Cobra is also widening its Arccos-capable grip options to include the Lamkin R.E.L., Crossline ACE, UTX, and Wrap Tech, as well as the Golf Pride MCC, MCC +4, Tour Velvet and Tour Velvet Ribbed, all in various sizes.
“That covers about 90% of the grips people buy aftermarket,” says Olsavsky. “Some of the others, like Winn and a few others, aren’t quite there yet, but it’s a matter of them making tooling. Our volumes for those others in custom grips, outside of Lamkin and Golf Pride, are pretty small.”
Cobra doesn’t plan on making replacement grips widely available at retail at this time, so, for now, you’ll have to order replacement grips from the Cobra website. One thing you can do, however, is if you order a set of Forged TECs (or any other Arccos-equipped iron set), instead of getting the extra screw-in Arccos sensors, you can custom order – at an upcharge – extra grips with the sensors already embedded that you can install on the rest of your clubs if you want.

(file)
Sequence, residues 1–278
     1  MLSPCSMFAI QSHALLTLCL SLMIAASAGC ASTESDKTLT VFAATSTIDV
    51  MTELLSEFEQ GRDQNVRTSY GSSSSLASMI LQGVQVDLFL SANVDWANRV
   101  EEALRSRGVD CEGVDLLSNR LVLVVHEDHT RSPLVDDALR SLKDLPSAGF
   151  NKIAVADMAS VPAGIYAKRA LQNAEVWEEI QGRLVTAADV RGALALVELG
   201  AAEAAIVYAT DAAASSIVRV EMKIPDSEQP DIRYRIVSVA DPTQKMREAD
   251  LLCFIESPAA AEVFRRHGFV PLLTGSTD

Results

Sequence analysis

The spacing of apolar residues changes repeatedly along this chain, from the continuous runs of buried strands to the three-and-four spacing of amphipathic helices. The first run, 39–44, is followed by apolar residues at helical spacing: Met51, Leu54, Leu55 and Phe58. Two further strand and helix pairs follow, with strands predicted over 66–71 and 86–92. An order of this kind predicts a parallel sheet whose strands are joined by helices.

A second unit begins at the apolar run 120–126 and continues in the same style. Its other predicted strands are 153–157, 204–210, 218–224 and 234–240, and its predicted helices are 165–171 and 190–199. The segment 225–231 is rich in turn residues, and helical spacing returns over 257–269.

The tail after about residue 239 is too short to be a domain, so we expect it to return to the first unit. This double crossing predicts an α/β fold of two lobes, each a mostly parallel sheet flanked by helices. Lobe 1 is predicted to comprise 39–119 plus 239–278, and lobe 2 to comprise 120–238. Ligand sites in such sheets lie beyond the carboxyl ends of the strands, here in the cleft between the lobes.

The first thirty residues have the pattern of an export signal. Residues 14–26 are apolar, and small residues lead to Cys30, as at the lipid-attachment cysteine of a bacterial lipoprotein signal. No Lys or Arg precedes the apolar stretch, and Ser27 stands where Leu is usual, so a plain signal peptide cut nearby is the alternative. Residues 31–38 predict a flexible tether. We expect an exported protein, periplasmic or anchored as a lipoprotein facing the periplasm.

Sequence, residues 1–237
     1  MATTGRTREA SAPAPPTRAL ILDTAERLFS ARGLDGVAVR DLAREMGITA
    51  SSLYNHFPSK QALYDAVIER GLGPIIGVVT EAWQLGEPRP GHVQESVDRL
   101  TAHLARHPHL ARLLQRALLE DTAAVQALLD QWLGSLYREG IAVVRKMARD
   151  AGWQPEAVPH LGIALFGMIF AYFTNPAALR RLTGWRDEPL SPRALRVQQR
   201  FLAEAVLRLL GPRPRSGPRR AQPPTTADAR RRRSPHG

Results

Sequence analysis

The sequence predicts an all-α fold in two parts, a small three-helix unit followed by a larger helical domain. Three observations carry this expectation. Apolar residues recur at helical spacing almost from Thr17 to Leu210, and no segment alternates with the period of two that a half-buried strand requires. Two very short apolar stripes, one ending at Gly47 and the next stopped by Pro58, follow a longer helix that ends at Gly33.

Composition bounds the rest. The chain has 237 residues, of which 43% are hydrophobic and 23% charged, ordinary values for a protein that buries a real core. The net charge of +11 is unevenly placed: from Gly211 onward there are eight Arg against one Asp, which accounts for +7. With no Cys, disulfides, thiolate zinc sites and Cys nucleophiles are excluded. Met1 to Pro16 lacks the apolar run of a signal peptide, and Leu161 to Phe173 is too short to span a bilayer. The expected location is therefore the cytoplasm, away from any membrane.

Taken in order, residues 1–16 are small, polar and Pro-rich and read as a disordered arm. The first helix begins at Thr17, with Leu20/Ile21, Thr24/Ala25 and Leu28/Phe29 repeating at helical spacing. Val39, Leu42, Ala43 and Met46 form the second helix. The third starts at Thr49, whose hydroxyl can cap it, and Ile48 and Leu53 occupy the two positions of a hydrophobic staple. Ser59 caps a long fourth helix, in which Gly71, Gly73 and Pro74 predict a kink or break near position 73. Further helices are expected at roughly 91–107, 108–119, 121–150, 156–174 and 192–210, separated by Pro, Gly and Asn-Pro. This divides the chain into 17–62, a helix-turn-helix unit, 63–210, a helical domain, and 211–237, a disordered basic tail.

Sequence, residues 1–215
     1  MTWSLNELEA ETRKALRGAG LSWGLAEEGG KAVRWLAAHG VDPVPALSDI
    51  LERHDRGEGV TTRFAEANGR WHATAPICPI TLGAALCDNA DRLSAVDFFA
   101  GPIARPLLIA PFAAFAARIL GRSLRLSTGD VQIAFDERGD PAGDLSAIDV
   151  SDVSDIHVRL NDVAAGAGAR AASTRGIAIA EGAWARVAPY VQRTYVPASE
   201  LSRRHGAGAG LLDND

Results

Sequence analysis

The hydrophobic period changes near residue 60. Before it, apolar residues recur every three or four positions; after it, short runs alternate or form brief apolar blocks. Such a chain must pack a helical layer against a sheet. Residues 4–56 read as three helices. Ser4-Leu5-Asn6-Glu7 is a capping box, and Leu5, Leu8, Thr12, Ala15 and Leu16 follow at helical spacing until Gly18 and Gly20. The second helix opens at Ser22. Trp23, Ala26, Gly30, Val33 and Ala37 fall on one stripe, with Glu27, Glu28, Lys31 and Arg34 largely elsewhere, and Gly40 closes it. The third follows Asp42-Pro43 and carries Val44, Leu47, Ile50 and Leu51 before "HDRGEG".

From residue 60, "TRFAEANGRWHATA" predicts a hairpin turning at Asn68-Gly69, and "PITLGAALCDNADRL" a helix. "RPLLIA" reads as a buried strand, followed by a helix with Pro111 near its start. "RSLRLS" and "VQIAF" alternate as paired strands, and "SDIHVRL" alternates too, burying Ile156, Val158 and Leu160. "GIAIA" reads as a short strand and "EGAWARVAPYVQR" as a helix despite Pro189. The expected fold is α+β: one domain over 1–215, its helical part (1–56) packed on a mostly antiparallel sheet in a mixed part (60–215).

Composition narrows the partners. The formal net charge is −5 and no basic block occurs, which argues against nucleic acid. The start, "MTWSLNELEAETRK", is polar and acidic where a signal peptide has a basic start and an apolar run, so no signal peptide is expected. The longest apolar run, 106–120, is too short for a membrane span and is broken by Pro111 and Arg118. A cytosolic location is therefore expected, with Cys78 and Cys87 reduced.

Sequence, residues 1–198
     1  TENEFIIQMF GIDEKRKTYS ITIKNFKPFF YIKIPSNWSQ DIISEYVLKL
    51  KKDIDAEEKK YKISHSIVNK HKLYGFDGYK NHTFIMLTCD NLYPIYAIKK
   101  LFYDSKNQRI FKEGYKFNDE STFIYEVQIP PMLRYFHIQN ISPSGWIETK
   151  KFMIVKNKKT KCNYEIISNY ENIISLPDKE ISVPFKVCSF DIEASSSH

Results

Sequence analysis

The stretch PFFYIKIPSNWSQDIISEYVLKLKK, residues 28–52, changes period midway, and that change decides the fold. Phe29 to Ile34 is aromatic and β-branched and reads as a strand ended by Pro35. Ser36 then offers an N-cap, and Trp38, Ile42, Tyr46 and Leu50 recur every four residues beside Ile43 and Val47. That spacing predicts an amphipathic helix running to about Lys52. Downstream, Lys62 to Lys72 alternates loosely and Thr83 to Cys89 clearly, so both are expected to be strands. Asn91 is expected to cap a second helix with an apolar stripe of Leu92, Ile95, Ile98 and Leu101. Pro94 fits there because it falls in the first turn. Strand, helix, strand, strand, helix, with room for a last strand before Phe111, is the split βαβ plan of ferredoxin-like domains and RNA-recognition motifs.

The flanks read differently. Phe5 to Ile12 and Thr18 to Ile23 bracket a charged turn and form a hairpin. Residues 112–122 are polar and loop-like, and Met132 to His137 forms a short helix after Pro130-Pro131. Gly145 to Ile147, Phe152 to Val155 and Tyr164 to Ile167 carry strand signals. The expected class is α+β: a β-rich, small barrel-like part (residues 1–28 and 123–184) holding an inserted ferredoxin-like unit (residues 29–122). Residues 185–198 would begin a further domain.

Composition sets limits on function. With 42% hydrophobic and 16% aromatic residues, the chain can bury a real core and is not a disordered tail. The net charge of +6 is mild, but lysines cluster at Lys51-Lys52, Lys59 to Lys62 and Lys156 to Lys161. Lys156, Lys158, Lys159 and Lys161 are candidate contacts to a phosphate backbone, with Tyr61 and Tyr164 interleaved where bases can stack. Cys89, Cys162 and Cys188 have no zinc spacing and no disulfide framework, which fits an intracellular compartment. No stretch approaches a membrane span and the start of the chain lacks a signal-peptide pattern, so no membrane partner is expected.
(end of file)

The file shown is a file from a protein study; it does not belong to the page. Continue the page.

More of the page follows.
Price and Availability
Both the variable length and ONE Length Forged Tec Black irons come standard with black True Temper AMT shafts and Lamkin ACE Crossline COBRA CONNECT grips. The variable length irons will feature black grips, while the ONE Length irons have Blue/Red grips. The standard seven club set makeup is a 5-iron through Gap wedge embedded with Cobra Connect sensors as well as seven additional screw-in sensors for the rest of your set.
Both Forged TEC Black sets will be available for both lefties and righties and will retail for $1,099.00 in steel, $1,199.00 in graphite (UST Recoil ES SmacWrap shafts – custom orders only).
Pricewise the Forged TEC blacks are in the middle of the pack compared to others in the category, although having Cobra Connect included does mitigate that somewhat. For instance, the Rogue Pro retails for $1,000 for an eight club set, the PING i200 is $875 for a seven club set and the Wilson C300 Forged is $900 for an eight-club set. On the other side, the TaylorMade P790 and the Titleist AP3 are both $1,300 for a set of eight. While there are plenty of options within the price range, Cobra is clearly banking on performance, the ONE Length option and Cobra Connect included will sway some customers in the Players-Distance category its way.
Both irons sets will be in stores April 6th.